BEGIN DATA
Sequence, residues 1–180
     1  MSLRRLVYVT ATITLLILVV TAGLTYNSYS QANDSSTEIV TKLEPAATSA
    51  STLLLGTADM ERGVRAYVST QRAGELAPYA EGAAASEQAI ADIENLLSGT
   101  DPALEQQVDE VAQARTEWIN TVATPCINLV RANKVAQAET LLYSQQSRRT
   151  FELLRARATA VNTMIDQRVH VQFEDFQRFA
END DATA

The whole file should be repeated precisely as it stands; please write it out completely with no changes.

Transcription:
Sequence, residues 1–180
     1  MSLRRLVYVT ATITLLILVV TAGLTYNSYS QANDSSTEIV TKLEPAATSA
    51  STLLLGTADM ERGVRAYVST QRAGELAPYA EGAAASEQAI ADIENLLSGT
   101  DPALEQQVDE VAQARTEWIN TVATPCINLV RANKVAQAET LLYSQQSRRT
   151  FELLRARATA VNTMIDQRVH VQFEDFQRFA